Estimation of age-specific incidence rates from cross-sectional survey data

Stat Med. 2010 Feb 28;29(5):588-96. doi: 10.1002/sim.3831.


Age-specific disease incidence rates are typically estimated from longitudinal data, where disease-free subjects are followed over time and incident cases are observed. However, longitudinal studies have substantial cost and time requirements, not to mention other challenges such as loss to follow up. Alternatively, cross-sectional data can be used to estimate age-specific incidence rates in a more timely and cost-effective manner. Such studies rely on self-report of onset age. Self-reported onset age is subject to measurement error and bias. In this paper, we use a Bayesian bivariate smoothing approach to estimate age-specific incidence rates from cross-sectional survey data. Rates are modeled as a smooth function of age and lag (difference between age and onset age), with larger values of lag effectively down weighted, as they are assumed to be less reliable. We conduct an extensive simulation study to investigate the extent to which measurement error and bias in the reported onset age affects inference using the proposed methods. We use data from a national headache survey to estimate age- and gender-specific migraine incidence rates.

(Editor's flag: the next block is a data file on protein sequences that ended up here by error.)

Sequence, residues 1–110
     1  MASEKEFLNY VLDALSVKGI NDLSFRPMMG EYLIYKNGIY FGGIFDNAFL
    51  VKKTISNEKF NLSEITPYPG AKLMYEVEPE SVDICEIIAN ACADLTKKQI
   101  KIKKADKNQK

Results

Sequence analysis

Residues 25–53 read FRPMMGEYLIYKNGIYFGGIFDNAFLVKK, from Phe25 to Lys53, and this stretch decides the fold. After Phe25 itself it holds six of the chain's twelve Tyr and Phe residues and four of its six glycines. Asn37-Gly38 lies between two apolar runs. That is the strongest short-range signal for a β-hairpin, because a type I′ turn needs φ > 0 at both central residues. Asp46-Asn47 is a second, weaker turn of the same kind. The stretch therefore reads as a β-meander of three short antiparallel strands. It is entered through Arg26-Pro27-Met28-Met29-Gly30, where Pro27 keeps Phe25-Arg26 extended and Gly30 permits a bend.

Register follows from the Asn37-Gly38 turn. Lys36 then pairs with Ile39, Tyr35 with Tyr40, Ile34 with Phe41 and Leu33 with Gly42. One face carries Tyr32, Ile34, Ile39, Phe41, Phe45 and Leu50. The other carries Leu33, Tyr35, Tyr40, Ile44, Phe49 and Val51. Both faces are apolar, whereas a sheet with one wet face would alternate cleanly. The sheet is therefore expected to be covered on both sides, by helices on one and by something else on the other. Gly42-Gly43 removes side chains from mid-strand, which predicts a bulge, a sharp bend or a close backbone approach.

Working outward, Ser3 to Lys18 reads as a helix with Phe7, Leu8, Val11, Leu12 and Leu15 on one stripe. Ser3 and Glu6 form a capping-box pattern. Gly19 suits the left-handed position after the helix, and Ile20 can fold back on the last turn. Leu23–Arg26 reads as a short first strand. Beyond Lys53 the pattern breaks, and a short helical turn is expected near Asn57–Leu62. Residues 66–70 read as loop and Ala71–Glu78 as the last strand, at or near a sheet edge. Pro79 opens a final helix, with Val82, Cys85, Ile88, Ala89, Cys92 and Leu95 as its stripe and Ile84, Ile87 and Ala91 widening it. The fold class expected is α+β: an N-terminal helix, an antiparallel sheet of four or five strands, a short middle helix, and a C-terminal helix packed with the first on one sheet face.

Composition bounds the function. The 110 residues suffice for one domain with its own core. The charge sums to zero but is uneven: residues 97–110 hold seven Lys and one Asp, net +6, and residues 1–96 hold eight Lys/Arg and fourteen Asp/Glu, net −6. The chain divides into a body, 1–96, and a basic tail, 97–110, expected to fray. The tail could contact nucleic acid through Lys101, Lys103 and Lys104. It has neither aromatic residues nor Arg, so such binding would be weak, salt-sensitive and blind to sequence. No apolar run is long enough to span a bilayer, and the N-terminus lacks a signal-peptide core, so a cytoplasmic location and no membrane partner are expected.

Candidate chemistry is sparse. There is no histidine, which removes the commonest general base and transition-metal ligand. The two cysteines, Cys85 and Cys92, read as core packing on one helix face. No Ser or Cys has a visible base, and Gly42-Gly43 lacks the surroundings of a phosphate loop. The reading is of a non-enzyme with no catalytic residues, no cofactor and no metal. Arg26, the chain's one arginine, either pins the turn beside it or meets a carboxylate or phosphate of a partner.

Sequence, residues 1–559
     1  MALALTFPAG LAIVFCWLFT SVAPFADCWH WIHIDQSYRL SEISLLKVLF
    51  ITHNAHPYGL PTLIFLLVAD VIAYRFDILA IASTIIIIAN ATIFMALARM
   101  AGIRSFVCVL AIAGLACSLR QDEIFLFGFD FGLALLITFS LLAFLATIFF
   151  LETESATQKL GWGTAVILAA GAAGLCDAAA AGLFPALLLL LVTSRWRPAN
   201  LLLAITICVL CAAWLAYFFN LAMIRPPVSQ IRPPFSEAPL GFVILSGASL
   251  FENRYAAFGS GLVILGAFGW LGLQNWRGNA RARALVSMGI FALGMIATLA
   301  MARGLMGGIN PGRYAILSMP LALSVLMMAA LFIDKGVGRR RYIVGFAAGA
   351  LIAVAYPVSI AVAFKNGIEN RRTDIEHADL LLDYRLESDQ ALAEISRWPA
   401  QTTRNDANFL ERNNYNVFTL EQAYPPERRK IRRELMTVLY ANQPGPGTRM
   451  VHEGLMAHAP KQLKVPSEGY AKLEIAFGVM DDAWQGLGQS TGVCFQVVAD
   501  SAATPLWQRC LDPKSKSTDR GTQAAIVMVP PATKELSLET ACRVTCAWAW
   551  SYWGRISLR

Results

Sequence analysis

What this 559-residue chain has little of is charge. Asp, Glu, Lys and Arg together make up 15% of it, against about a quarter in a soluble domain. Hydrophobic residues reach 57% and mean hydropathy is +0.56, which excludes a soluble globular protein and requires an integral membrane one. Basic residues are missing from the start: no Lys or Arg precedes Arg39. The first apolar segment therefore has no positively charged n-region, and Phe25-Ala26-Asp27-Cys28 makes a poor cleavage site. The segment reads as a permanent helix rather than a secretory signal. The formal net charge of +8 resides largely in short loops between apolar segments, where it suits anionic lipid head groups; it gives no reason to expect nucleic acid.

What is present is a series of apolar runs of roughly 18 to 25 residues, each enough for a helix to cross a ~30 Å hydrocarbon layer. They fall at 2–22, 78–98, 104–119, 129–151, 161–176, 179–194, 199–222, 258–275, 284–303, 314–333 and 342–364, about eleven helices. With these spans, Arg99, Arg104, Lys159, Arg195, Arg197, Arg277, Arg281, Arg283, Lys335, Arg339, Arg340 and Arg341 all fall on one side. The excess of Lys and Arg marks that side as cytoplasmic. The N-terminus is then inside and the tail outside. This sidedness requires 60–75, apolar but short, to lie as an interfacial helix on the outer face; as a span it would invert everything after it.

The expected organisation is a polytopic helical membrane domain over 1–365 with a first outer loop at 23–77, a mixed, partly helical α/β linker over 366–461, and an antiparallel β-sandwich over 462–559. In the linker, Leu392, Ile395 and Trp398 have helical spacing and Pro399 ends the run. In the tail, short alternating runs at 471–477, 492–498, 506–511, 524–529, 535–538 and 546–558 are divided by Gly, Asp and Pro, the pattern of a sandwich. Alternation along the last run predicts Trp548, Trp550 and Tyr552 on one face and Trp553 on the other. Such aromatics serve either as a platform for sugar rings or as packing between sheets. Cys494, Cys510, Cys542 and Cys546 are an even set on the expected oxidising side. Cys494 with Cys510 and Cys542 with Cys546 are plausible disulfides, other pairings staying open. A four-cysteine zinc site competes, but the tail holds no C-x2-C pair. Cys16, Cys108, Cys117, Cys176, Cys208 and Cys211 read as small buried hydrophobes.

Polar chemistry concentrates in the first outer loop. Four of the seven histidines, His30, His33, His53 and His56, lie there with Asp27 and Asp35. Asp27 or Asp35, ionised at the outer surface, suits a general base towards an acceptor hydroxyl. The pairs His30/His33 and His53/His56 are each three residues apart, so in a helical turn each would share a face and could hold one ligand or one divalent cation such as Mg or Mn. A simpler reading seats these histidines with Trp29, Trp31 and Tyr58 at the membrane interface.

MeSH terms

  • Adolescent
  • Adult
  • Age of Onset
  • Aged
  • Aged, 80 and over
  • Bayes Theorem
  • Bias
  • Child
  • Computer Simulation / statistics & numerical data
  • Cross-Sectional Studies
  • Female
  • Health Surveys
  • Humans
  • Incidence
  • Longitudinal Studies
  • Male
  • Middle Aged
  • Migraine Disorders / epidemiology*
  • Regression Analysis
  • Young Adult